Populations at Special Health Risk: Homeless

Daniel B. Herman, Jennifer I. Manuel

Research output: Chapter in Book/Report/Conference proceedingChapter

Abstract

Although homelessness is widespread in developing countries, it is also distressingly common in the industrialized world, where it has important implications for public health. A variety of health and mental health conditions place individuals at heightened risk of homelessness while contributing to an elevated risk of morbidity and mortality in affected individuals. Homeless persons also place a large burden on the public health delivery system, attributable to high need combined with lack of access to regular sources of routine medical care. To eradicate widespread homelessness will require a sustained commitment by governments, private organizations, and individuals using a broad variety of approaches. These include explicit recognition of a universal right to decent housing for all citizens coupled with specific targeted approaches, including supported housing and critically timed interventions, aimed toward groups seen as particularly vulnerable to homelessness and social exclusion.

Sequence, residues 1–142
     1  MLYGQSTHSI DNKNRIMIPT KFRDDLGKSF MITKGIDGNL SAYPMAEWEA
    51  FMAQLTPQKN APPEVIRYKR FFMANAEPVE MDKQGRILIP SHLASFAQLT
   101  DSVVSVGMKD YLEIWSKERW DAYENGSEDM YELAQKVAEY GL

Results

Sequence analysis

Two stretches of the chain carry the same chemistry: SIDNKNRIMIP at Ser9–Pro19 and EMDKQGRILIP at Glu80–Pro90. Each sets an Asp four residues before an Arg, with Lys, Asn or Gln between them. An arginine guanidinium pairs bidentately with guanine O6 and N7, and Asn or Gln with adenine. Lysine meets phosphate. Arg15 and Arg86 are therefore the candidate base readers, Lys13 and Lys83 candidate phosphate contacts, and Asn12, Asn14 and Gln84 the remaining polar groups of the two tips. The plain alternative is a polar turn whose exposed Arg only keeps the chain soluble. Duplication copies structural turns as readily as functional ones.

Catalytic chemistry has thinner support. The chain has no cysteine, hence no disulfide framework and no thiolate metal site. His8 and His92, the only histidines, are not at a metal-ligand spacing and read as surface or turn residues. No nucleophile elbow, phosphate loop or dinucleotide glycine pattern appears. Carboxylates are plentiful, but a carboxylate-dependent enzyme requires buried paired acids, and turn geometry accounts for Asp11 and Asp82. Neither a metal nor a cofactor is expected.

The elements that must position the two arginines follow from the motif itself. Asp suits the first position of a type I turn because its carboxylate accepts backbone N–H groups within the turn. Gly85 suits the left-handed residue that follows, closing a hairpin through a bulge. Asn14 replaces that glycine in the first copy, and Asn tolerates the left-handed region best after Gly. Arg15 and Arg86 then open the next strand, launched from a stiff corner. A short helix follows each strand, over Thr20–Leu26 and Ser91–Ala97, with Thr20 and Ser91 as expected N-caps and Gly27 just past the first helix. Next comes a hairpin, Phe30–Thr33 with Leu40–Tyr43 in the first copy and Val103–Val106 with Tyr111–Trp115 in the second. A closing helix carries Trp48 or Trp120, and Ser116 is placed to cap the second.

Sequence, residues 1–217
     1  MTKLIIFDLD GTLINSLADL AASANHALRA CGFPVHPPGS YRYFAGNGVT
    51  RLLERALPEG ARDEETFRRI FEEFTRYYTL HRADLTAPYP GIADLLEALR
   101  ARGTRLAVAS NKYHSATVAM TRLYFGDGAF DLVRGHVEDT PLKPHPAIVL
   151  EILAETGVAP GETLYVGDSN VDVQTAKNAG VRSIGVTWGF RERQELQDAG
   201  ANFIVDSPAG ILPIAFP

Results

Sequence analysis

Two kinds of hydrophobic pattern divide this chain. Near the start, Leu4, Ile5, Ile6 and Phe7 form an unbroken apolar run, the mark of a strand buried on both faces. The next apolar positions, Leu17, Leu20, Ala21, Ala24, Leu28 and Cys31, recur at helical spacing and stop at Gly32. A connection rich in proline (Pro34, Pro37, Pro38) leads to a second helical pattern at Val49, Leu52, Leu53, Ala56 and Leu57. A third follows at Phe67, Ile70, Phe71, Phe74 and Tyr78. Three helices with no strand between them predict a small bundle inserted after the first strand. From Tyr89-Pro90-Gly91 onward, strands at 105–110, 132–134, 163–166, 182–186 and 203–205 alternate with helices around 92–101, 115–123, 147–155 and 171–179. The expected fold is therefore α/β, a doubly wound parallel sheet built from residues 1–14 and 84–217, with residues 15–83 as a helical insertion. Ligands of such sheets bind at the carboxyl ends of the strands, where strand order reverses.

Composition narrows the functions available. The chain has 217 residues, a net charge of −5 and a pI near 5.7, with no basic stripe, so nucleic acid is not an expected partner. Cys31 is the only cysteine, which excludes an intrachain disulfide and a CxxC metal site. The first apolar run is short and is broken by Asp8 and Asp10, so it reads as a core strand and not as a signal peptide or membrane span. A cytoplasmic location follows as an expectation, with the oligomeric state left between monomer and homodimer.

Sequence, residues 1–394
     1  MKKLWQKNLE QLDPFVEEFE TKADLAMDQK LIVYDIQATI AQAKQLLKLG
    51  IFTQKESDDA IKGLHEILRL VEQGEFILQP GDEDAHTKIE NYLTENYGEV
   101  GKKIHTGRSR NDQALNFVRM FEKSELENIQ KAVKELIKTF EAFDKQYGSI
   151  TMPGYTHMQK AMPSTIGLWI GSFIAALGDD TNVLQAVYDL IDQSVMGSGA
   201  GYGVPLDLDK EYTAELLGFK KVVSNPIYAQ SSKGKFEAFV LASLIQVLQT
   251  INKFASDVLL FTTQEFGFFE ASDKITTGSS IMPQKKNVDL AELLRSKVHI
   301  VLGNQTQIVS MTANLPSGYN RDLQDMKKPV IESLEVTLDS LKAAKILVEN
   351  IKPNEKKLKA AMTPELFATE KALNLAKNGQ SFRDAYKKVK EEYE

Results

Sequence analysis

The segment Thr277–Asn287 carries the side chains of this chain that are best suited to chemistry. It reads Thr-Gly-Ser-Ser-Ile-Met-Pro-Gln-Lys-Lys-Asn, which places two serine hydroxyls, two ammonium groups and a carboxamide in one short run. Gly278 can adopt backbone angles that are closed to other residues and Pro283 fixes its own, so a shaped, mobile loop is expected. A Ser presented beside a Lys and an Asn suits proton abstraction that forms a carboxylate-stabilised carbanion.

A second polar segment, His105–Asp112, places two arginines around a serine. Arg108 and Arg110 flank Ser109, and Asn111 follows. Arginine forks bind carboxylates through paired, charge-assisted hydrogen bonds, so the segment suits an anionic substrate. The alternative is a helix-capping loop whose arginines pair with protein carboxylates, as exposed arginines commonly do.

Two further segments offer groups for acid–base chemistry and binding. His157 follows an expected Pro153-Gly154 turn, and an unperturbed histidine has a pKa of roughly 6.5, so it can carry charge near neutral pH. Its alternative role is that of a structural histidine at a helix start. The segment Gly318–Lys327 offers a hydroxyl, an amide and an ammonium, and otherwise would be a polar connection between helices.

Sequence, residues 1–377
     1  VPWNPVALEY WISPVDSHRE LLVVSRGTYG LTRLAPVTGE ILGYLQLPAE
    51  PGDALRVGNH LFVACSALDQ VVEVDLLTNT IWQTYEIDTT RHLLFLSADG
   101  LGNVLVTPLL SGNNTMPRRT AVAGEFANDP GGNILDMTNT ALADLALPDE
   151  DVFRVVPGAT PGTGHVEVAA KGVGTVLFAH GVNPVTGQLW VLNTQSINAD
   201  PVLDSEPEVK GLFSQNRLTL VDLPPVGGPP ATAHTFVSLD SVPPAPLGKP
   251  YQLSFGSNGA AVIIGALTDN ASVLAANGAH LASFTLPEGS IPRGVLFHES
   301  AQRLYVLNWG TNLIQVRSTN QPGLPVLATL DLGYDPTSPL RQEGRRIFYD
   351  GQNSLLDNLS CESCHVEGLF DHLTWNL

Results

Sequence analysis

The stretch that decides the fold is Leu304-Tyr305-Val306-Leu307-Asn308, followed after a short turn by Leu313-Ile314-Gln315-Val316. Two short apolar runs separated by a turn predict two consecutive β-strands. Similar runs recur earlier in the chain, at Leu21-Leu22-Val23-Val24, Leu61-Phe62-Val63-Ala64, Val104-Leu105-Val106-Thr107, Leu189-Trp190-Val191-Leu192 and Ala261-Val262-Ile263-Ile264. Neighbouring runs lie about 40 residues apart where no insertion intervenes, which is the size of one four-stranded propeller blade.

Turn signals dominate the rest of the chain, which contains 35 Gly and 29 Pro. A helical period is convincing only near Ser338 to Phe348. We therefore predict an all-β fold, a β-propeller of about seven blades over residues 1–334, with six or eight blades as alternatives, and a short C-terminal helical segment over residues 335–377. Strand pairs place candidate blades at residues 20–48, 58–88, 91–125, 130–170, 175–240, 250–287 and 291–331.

Original languageEnglish (US)
Title of host publicationInternational Encyclopedia of Public Health
PublisherElsevier Inc.
Pages556-562
Number of pages7
ISBN (Electronic)9780128037089
ISBN (Print)9780128036785
DOIs
StatePublished - Oct 6 2016

Keywords

  • Disparities
  • HIV
  • Housing
  • Mental health
  • Schizophrenia
  • Social exclusion
  • Stigma
  • Substance abuse

ASJC Scopus subject areas

  • Medicine(all)

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  • Cite this

    Herman, D. B., & Manuel, J. I. (2016). Populations at Special Health Risk: Homeless. In International Encyclopedia of Public Health (pp. 556-562). Elsevier Inc.. https://doi.org/10.1016/B978-0-12-803678-5.00348-9